If your family’s religious or spiritual beliefs impact how you view death, share them with your child. There is also a poem about the death of a pet called Rainbow Bridge that has a beautiful way of describing where the pet goes once she dies. I recommend that families only share the first three paragraphs with small children, as the next two paragraphs discuss people reuniting with a pet when they die. If your child is having a particularly difficult time with the death of your pet, this can be very unsettling.

When To Adopt a New Pet

It is a very personal decision as to whether or when it is appropriate. Children should not be encouraged to get a new pet merely to “get over” the loss of their pet. A new pet doesn’t replace their beloved pet. Once your child can speak openly about the pet that died and begins to show an interest in a new pet, then the family can discuss if it is the right time.

*North Shore Pediatric Therapy, Inc. (NSPT) intends for responses to the blogs to provide general educational information to the readership of this website; all content and answers to questions should not be understood to be specific advice intended for any particular individual(s). Questions submitted to this blog are not guaranteed to receive responses. No ongoing relationship of any sort (including but not limited to any form of professional relationship) is implied or offered by NSPT to people submitting questions. Always consult with your health professional first before initiating or changing any aspect of your treatment regimen.

 

Summer is Moving Time: How To Make Moving Easier For Your Children

Family On Moving Day With BoxesSummer is a big transition time for many families and moving is often at the top of the list. There is always trepidation about moving, especially when you have children. It does not matter if you are moving across town, to another city or to another part of the world; it can all be very stressful. I personally have moved my family seven times since my husband is a Navy Chaplain and these are some tricks I have learned to make moving an easier experience for your child.

Tips for Making A Move Easier On Your Child

  •  Try not to make any big changes during the transition– don’t work on cessation of thumb sucking, potty training, or change sleeping habits. Try to keep everything status quo if you can.
  • Focus on pre- packing rooms that the children do not use much. Plan on having
    their rooms packed last so they feel somewhat protected from the chaos.
  • It helps to have a “safe” suitcase of special possessions that your child wants to take along on the move. It can include pictures, stuffed animals, and clothes, but whatever is in that suitcase will stay near your child and is not packed in a box to be sent on the moving truck.
  • Plan on having a trusted friend, relative or neighbor keep children during the actual pack out day so they are not in the “frenzy” of moving day. It is difficult for children to see strangers in the house putting everything into boxes. You will also have a much better and focused moving day experience if you do not have to do tasks such as preparing food etc. and split your attention between your children’s daily needs and the moving tasks at hand.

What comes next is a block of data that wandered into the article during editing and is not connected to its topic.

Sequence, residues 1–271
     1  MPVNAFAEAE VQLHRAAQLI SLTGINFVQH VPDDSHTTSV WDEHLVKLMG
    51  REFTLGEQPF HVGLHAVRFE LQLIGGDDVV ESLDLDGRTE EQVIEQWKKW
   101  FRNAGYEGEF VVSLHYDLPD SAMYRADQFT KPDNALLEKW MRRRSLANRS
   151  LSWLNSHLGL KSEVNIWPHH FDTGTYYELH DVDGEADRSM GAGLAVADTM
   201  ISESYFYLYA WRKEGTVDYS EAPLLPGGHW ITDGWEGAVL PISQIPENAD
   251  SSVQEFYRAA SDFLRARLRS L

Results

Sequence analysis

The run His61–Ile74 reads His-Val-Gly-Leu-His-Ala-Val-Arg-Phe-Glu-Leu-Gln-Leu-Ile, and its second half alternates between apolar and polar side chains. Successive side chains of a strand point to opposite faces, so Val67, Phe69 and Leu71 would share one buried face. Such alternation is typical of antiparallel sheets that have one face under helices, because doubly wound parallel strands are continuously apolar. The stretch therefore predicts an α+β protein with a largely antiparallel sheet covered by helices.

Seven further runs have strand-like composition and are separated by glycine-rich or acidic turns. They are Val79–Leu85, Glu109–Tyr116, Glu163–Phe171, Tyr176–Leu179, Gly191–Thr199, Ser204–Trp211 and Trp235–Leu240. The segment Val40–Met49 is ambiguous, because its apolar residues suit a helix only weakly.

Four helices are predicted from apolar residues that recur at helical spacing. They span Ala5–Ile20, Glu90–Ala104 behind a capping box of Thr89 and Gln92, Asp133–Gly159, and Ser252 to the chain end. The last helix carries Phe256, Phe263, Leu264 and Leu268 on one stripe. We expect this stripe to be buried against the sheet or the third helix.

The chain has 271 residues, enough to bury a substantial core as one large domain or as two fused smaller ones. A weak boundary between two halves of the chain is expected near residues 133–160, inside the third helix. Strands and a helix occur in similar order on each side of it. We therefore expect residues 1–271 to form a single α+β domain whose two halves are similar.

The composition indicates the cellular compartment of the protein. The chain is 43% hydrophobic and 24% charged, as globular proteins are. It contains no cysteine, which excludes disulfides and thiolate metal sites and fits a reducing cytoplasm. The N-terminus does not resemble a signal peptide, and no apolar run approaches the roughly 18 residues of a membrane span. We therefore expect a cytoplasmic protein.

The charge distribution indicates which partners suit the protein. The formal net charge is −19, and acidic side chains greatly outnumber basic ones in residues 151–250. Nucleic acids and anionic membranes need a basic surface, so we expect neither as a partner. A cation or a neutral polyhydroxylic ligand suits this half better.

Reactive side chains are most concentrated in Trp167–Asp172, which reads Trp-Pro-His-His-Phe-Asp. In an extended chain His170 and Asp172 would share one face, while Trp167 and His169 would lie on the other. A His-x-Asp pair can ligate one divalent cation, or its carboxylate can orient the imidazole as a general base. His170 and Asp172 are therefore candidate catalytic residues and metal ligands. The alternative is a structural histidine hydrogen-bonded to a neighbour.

• If you have hired packers, make the request to have them leave by to 7-8pm. Once they leave you will be able to resume some normal evening activities and the children will have a sense of privacy and some processing time before bed. Stick with their normal routine as much as possible and normal bedtime so you can have a few minutes at the end of the day as well.
  • For our moves, I stashed little gifts in their “safe suitcase” so they could open them when we got to our destination or as we traveled. They looked forward each day to the gift they could open. I also kept a calendar handy that had pictures drawn on it so they could keep track of the days and how we might get to our destination.
  • Keep a picture of the house you are leaving and the place you are moving posted so they can see where they are going. When appropriate, talk about how things will be when they get there. What will your room look like? Will you be sharing a room now or be alone? What will you see from your window?
  • It also helps to use the preprinted books about moving so kids can talk about their feelings. You might be surprised how they open up and share what they are thinking and feeling. It is good to discover and dispel any bad feelings as they come up.

In all things try to stay calm because your children will draw from your strength and attitude and they will watch how you handle the changes. The whole moving process will be much better with a little planning and preparation!

Have you experienced a move with children? Please share any stories, tips or tricks! Leave a comment below.